Playing with texture

The Difficult Path Back to You
The Difficult Path Back to You

December was a busy month, so I didn’t get round to my regular update. Went well though, I sold 7 paintings over three weeks, including my first sale in to a US buyer – thank you Gabriele in Florida 🙂 I spent most of it concentrating on studio/gallery admin work, and looking for venues in Scotland for the Arctic Convoys exhibition. I did manage to complete two new paintings though, and in both pushed my technique further.

I have been doing a lot of paperworks recently, and the backboard I use to support the paper on the easel is far from smooth. This shows as the knife is far more affected by surface than a brush, and I noticed some interesting paint effects as a result. I decided to experiment with recreating these effects on canvas, and returning to techniques I first used in the 1980’s I added sawdust  to the base primer as I was preparing the canvas. I then built up the surface with carefully placed wood shavings, and created a card mosiac to give the feel of cracked pavement. Great fun to do, an interesting challenge to then build colour with a palette knive. The Difficult Path… also uses aluminium shavings to suggest barriers. Getting these to adhere to the canvas was a major challenge.

Difficult Path - detail
Difficult Path – detail

I liked the detail shot so much that I used it as the basis for another piece, Aftermath, so titled because of its post apocalytic feel.This also uses grass and small twigs to create texture, and an old shoe was an effective means of applying some of the paint. I really enjoyed the process, and will use it again – one of the great joys of art for me lies in its development, every work teaches me something new, and I try not to stay in my comfort zone as I push ever harder to express myself.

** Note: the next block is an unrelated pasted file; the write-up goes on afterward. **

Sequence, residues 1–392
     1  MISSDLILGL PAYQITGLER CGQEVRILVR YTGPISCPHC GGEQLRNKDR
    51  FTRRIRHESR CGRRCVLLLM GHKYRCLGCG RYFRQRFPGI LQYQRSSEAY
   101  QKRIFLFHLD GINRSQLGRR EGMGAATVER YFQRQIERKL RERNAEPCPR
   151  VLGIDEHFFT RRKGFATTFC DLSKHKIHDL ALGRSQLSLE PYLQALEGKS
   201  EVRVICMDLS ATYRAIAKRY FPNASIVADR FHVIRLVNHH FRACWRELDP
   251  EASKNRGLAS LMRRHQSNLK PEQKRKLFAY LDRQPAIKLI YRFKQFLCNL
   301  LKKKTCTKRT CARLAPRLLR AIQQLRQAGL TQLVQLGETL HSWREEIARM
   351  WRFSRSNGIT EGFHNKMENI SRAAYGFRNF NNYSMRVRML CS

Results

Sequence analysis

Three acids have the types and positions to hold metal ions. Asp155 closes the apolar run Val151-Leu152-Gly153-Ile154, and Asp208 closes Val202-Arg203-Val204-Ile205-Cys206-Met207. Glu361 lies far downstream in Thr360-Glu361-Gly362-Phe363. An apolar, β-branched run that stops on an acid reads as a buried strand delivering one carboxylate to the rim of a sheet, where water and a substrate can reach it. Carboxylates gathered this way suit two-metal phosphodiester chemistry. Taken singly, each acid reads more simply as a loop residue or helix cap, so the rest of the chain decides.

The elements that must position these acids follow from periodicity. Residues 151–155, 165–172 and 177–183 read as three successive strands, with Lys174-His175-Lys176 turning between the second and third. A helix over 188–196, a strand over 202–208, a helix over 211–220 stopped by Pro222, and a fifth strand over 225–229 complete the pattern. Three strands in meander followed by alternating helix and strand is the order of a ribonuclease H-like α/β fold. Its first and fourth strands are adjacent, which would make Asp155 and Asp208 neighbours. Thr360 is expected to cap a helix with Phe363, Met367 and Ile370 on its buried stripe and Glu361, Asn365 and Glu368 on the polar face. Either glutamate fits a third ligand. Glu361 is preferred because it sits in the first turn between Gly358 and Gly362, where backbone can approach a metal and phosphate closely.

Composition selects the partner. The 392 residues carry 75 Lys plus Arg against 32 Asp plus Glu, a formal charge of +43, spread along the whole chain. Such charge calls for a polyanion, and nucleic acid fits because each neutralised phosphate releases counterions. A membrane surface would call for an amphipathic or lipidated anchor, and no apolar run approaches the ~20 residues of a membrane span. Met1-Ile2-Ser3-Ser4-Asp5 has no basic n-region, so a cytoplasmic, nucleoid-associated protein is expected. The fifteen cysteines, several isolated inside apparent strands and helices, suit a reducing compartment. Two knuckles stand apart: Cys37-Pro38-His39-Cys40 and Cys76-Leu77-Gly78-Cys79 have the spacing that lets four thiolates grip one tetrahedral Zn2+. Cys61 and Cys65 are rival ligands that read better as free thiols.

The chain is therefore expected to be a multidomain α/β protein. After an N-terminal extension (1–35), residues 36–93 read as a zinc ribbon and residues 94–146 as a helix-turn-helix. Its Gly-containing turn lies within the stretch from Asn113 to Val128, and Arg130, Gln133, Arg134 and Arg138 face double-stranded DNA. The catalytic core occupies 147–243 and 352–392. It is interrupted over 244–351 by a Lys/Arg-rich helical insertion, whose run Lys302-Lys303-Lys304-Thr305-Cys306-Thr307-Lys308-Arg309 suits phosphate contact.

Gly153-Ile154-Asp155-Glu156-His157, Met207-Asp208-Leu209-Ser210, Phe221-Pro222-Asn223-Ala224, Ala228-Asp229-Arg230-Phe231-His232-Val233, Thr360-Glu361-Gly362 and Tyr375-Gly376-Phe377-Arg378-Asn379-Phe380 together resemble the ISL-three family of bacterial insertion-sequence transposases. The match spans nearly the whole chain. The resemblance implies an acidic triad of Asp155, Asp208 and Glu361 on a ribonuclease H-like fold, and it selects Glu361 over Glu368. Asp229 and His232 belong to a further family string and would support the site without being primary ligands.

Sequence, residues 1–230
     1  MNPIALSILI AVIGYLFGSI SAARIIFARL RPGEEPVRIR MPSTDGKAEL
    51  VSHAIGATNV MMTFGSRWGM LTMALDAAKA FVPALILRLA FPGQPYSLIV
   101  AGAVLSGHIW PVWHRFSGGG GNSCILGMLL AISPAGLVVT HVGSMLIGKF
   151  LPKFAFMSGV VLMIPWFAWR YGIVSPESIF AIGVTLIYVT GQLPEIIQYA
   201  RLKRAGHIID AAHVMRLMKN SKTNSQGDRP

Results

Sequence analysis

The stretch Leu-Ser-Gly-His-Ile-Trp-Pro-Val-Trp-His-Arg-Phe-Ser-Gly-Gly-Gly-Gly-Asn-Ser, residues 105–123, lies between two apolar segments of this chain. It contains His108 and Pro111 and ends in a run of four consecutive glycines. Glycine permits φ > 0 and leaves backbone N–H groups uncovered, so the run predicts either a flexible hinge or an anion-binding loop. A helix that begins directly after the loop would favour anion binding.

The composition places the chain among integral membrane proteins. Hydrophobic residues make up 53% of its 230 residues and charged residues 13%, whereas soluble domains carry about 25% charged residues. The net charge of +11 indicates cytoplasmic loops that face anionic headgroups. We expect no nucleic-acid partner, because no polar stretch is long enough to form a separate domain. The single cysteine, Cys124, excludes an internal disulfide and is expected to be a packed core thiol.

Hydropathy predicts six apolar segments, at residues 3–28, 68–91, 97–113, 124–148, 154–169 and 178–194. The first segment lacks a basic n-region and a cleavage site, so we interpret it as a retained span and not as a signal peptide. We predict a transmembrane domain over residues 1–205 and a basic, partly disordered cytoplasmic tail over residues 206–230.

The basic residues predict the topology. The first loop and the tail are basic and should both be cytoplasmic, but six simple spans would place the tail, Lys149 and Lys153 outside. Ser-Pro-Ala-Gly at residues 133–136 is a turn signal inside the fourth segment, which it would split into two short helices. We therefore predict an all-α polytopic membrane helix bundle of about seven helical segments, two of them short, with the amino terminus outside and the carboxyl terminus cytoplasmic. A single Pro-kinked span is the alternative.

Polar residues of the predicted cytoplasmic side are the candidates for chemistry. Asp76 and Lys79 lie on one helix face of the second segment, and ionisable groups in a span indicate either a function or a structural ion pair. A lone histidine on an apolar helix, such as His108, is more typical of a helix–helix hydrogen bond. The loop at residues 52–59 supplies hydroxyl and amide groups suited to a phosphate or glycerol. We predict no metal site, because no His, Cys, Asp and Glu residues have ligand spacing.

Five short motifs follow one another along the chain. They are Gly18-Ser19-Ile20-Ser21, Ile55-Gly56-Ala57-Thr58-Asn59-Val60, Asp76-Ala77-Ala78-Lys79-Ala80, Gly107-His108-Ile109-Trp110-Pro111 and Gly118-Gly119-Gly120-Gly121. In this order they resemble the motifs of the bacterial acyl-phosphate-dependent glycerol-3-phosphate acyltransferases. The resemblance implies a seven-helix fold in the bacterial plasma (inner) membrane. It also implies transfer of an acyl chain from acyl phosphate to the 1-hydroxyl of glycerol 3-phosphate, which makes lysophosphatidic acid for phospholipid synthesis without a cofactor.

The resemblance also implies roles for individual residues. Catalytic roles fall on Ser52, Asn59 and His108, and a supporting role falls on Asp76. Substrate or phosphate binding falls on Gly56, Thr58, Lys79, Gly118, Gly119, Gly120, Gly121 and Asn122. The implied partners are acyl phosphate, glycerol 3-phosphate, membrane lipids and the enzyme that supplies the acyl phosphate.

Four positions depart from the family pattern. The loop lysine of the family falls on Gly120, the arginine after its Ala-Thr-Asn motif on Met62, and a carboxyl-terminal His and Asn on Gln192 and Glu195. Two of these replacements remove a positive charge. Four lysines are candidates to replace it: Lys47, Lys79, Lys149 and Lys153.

Both paintings reflect my concerns as the world becomes ever more uncertain and extreme, it is ironic that my main body of work for the coming year focuses on a time when people of all ethnicities came together and gave their lives in the fight against a political belief whose rhetoric features increasingly strongly in our current political climate. Both paintings have their first public outing this January, in a group show of Midlands and South Yorkshire artists at Rotherham’s Old Market Galley (opening event Saturday 21st Jan), I look forward to hearing what people think of them.

Cheers and thank you for reading 🙂




Leave a Reply

Fill in your details below or click an icon to log in: Logo

You are commenting using your account. Log Out /  Change )

Google photo

You are commenting using your Google account. Log Out /  Change )

Twitter picture

You are commenting using your Twitter account. Log Out /  Change )

Facebook photo

You are commenting using your Facebook account. Log Out /  Change )

Connecting to %s

This site uses Akismet to reduce spam. Learn how your comment data is processed.